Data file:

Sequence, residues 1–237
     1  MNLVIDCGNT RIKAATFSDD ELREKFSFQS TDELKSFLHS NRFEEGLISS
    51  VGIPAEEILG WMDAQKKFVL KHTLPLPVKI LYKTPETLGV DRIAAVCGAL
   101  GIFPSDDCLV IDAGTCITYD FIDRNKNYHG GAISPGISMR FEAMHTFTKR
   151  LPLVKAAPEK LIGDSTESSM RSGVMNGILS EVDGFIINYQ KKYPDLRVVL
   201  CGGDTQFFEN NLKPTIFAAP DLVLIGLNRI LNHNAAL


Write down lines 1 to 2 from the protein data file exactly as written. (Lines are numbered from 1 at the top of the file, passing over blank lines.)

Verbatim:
Sequence, residues 1–237
     1  MNLVIDCGNT RIKAATFSDD ELREKFSFQS TDELKSFLHS NRFEEGLISS